Smiling broadly as he strode into the Shanghai Cooperation Organization (SCO) summit in June 2018 alongside a group of world leaders, Chinese President Xi Jinping had never looked stronger.
Less than one week later, however, the United States imposed its first tariffs on tens of billions of dollars of Chinese goods, kicking off what would become a raging global trade war between the world’s two largest economies.
On Friday, Xi returns to the SCO under markedly different circumstances.
Now more than ever, the Chinese leader will need to solidify ties with allies amid an escalating trade war with President Donald Trump’s administration and a slowing domestic economy.
In the Kyrgyzstan capital Bishkek, Xi is expected to meet with his “best and bosom friend” Russian leader Vladimir Putin and a newly reelected Indian Prime Minister Narendra Modi, fresh from his landslide victory in May.
While it’s reasonable to think Xi will be seeking their endorsement and support, China’s relatively diminished position also increases the bargaining power of the SCO’s other participants.
“It gives all those countries an opportunity to see if they can actually get something out of the Chinese,” said Steve Tsang, director of the China Institute at SOAS University of London.
“They see that Xi Jinping probably feels a bit more vulnerable than he was a year ago.”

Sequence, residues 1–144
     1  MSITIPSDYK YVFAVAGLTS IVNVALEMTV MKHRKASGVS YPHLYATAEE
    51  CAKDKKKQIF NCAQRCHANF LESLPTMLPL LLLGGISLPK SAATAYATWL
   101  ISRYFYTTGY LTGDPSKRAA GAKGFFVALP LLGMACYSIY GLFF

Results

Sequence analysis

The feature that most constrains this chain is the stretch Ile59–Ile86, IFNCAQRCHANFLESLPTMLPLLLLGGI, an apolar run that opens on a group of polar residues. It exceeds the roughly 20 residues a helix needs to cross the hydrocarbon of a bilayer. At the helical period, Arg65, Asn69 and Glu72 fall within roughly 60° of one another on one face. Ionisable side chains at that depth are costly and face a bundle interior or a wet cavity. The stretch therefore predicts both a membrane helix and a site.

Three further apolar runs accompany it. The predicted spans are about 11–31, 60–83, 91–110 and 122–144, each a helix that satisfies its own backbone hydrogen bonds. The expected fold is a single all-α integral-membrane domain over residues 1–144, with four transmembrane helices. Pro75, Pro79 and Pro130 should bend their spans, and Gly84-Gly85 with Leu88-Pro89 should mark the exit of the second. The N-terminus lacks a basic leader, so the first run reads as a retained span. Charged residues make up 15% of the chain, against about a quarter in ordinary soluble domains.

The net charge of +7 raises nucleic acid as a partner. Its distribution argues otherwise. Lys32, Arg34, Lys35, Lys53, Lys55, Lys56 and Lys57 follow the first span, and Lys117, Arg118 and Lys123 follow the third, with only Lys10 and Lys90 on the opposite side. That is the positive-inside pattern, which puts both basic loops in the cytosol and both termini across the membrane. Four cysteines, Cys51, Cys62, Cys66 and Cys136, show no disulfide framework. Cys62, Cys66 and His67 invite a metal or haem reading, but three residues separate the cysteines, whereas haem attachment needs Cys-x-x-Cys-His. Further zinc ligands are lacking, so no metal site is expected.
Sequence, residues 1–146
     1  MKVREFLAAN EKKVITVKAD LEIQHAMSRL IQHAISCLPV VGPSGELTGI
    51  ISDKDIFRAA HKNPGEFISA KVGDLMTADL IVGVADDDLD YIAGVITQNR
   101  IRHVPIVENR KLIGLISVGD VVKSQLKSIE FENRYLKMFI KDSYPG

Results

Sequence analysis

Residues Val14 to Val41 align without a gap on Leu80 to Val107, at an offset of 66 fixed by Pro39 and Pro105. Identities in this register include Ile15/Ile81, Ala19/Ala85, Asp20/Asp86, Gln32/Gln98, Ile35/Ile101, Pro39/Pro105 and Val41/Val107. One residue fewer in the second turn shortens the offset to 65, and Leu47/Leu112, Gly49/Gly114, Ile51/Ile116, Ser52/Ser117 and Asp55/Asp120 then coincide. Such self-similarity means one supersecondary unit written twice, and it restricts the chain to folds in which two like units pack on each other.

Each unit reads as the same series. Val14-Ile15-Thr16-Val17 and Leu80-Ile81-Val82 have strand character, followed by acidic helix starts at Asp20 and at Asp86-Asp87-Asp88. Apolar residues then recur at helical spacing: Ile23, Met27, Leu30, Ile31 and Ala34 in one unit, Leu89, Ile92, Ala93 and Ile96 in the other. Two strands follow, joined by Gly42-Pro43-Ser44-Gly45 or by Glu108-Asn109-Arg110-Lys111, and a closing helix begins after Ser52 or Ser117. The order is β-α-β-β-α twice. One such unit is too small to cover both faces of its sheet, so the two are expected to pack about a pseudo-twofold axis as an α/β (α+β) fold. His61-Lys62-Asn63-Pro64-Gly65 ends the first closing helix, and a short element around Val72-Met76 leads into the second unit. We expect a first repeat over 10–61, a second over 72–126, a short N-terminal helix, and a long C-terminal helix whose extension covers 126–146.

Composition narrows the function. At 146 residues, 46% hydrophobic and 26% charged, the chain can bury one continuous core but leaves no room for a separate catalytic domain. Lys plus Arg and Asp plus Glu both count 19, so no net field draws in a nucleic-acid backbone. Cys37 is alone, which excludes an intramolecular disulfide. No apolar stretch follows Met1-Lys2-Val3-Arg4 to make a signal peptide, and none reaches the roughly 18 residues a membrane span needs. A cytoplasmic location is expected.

Shoring up allies
Founded in 2001 as a forum to resolve border disputes in Central Asia, the annual SCO has grown rapidly in both membership and scope.
According to Chinese state media, its eight permanent members – China, Russia, India, Pakistan and four Central Asian states – account for “nearly half the global population, and over 20% of global gross domestic product (GDP).”
As a result, the forum has become a key place for members to thrash out security and economic issues in the region.
“If you have (an economic) decoupling between the US and China in a globalized world, you want to have more allies on your side than on the other side, even if they’re not formal allies but countries that are willing to work with you,” Tsang said.
With Putin and Xi’s close relationship reaffirmed in Russia this month, the Chinese leader will likely be turning his attention to Modi.
China and India have often had a fractious relationship, almost coming to blows in 2017 over a dispute on their Himalayan border near Bhutan. But in the past two years, in the face of growing pushback from the United States, Xi and Modi have sought to strengthen ties, including meeting for an informal summit in Wuhan in April 2018.
“The Chinese want to see their economic relationship with India grow, particularly if they could get the Indians to use Huawei technology for their 5G network,” Tsang said. “It would certainly be very useful for the Chinese government in terms of sustaining Huawei as an alternative to the West.”
Earlier this month, Huawei signed a deal with Russia’s largest telecoms operator, MTS, to develop 5G technologies and launch a fifth-generation network in Russia within the next year.